‘Loo leash’ forces elderly to stay in or avoid drinking before going out

Toilet outside
Toilet outside

Older people have warned that they are deliberately avoiding drinking water or liquids owing to a lack of public lavatories.

Wales Senior Forum, a national forum of older people made up of representatives from various national pensioners organisations and older people’s groups across the country, said public washrooms across the country had either shut or become less accessible since the pandemic.

Gareth Parsons, the organisation’s chairman, called on the Welsh government to provide specific funding for public lavatories.

‘It’s very difficult’

Martin Carroll, 75, told the BBC that he had stopped drinking sometimes two hours before leaving the house.

“It’s very difficult,” he said. “Before you go out you need to think about where you are going to go, where you are going to be in town, will there be the chance to use the toilet in a café of not?”

He added that sometimes he instead opted to stay home as it was easier than “constantly worrying”.

Across the border, according to research conducted by Age UK in 2022, 81 per cent of Londoners think that public toilet provision in their borough is bad.

Nine in 10 Londoners have considered public toilet provision before making a journey to a particular place, and more than half (52 per cent) say they sometimes reduce the amount they drink before leaving home.

One older Londoner told Age UK London: “Lack of clean, accessible public toilets traps people at home and prevents them getting out and about. It affects more of us than you might imagine.”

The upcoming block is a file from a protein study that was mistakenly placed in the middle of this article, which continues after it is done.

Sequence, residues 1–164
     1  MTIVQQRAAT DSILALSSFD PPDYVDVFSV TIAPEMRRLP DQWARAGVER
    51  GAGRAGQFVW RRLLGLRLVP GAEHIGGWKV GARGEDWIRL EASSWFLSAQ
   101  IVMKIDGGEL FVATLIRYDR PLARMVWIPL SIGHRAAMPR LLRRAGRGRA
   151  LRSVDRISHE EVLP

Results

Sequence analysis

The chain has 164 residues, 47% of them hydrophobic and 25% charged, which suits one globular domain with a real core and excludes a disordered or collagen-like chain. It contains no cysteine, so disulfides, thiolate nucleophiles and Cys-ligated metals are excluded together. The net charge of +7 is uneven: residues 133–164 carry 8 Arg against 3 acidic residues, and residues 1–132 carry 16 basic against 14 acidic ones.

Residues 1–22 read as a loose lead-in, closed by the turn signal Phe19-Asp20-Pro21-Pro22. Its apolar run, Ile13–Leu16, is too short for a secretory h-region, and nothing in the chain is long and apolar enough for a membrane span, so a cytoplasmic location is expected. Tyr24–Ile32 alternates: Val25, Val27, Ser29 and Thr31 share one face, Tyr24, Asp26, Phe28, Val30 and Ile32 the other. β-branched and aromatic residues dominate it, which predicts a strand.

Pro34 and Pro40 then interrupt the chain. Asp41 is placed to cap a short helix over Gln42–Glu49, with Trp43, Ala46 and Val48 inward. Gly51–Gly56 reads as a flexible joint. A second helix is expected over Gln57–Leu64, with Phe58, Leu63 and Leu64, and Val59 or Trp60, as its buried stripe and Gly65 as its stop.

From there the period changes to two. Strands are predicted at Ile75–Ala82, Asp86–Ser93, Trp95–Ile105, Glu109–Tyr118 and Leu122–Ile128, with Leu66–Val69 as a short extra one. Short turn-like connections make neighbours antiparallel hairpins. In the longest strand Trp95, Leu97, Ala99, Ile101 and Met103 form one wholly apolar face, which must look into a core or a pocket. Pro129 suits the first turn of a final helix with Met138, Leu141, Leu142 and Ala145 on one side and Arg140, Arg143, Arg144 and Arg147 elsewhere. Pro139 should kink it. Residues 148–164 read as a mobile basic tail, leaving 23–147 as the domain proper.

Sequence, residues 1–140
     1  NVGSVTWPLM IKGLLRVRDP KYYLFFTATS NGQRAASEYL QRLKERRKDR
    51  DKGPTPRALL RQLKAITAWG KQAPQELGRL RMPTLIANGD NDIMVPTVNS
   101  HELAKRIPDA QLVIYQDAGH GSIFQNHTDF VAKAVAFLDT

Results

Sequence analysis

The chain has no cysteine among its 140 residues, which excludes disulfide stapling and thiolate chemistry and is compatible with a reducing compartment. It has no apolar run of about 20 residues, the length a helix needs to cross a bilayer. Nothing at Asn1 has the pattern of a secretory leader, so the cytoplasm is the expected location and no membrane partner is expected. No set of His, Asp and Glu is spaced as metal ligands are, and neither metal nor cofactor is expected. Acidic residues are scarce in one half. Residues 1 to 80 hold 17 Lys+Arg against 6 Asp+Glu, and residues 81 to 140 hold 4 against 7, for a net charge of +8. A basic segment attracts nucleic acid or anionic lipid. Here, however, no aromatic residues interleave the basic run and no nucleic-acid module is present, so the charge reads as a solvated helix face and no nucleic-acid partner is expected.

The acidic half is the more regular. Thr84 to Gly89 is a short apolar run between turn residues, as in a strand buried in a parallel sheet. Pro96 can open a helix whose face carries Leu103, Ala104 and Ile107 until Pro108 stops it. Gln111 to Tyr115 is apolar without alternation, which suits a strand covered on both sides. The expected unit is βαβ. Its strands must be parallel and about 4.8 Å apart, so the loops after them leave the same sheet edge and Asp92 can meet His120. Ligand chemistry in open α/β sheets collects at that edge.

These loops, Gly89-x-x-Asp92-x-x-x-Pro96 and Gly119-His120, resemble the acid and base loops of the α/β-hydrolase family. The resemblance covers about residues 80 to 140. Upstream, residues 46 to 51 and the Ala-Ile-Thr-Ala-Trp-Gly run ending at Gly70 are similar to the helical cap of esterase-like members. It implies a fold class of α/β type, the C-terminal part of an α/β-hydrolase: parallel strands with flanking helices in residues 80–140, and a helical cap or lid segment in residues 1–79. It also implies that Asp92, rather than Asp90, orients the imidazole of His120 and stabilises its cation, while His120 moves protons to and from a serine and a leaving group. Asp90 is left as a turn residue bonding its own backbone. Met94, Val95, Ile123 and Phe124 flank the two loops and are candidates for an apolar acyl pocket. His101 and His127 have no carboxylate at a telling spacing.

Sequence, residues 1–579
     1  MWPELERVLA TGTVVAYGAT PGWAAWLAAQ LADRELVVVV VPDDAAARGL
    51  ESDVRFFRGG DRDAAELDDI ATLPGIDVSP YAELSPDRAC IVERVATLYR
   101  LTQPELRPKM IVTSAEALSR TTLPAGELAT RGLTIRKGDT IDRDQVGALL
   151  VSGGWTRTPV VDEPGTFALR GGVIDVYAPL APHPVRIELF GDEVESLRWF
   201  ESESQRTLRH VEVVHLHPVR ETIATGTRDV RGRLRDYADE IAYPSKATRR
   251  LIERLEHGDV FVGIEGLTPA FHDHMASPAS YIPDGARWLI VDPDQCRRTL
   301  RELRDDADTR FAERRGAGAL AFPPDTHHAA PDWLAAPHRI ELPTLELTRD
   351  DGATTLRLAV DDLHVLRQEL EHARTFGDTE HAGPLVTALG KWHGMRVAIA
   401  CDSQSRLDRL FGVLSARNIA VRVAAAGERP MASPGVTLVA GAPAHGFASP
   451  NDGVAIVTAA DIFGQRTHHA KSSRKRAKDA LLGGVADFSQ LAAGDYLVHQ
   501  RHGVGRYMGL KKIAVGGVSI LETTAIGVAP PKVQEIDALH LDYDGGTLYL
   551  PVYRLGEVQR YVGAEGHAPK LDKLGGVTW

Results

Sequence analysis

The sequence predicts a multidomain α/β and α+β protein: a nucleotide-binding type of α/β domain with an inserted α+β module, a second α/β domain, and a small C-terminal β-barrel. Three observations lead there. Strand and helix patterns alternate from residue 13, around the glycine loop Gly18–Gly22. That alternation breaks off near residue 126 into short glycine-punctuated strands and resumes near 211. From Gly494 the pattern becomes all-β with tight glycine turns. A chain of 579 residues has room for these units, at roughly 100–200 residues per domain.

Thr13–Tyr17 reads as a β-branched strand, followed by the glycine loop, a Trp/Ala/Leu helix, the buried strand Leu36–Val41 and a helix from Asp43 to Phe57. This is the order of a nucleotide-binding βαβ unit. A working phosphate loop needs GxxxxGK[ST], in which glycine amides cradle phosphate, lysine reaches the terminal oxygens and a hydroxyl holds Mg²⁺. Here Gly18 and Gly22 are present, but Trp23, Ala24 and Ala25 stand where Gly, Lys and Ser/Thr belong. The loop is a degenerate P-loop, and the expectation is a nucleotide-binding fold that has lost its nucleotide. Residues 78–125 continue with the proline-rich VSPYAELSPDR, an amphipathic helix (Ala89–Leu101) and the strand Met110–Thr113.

Abigail Wood, chief executive of Age UK London said: “Good public toilet provision is a hallmark of a civilised society and the fact that 81 per cent of people think that the availability of toilets in their borough is bad is a scandal.

‘Significant cause of social isolation’

“The ‘loo leash’, where people don’t leave their homes as much as they might like because of worries that they will not be able to find a public toilet, is a significant cause of social isolation.”

The Welsh government said that it had introduced legislation to improve provision of public toilets, amid the financial challenges faced by councils.

A spokesman said: “We have issued comprehensive statutory guidance, which encourages them [local authorities] to make better use of existing toilet facilities in public and private sector buildings.

“It also highlights that accessible toilets are more important for people with conditions such as incontinence, urgency and prostate problems.”